The shocking defeat of one of the best chess players in the world sparked accusations of cheating and has thrown the sport into a tailspin over the last few weeks.
Magnus Carlsen, the 31-year-old chess grandmaster who was unbeaten entering the Sinquefield Cup, lost to upstart American player Hans Niemann last week, ending the top-ranked Chess player’s 53-game winning streak. After the loss, Carlsen tweeted he was withdrawing from the tournament, hosted by the St. Louis Chess Club.
"I've withdrawn from the tournament. I've always enjoyed playing in the @STLChessClub, and hope to be back in the future," he wrote, adding a link to a 2020 video from soccer manager Jose Mourinho who famously said after a match, "If I speak, I am in big trouble."
Niemann, 19, immediately faced accusations of cheating – from anything to wireless vibrating anal beads to a vibrating shoe, according to multiple reports. Tesla CEO Elon Musk even added to the controversy with a tweet of his own, suggesting something was in Niemann’s butt during the match. A professional game also suggested something like that as well.
Niemann denied cheating in an interview with the Chess Club.
"I have never cheated in an over-the-board game. That is the worst thing I could do: cheat in a tournament with prize money," he said, via KSDK-TV.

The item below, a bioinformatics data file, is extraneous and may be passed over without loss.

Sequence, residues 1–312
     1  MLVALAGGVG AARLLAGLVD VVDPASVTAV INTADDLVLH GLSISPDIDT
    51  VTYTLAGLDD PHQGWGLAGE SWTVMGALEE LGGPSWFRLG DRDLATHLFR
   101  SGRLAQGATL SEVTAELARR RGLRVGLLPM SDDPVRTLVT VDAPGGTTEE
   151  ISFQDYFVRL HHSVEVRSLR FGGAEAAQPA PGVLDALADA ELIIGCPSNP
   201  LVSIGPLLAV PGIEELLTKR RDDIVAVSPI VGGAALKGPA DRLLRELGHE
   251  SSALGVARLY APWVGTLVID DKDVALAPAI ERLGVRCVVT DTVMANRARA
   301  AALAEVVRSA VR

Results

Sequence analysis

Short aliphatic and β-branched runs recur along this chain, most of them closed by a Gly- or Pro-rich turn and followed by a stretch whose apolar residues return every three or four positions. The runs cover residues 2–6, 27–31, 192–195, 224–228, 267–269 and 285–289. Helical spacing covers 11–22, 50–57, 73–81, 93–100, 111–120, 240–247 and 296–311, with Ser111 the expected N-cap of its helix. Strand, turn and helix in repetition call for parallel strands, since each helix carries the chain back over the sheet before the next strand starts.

"You know my dream came true. I lived my dream for a day beating Magnus, and then, all of this happened."
St. Louis Chess Club Executive Director Tony Rich told the station there have been anti-cheating measurements in place for the tournament. According to the Guardian, Niemann was also frisked before the match.
According to the International Chess Federation ratings, Niemann was No. 49 in the world with a 2688 rating. Carlsen was No. 1 with a 2861 rating.
Niemann finished in seventh place in the tournament.
The young chess player was also banned from Chess.com and uninvited from the Global Championship, according to the Guardian. The website told the New York Post that Niemann was banned for cheating on the website.
"We have reached out to Niemann to explain our decision to privately remove him from Chess.com and our events. We have shared detailed evidence with him concerning our decision, including the information that contradicts his statements [about] the amount and seriousness of his cheating on Chess.com," a spokesperson for the website told the New York Post.
The two players are both set to participate in the Julius Baer Generation Cup this weekend.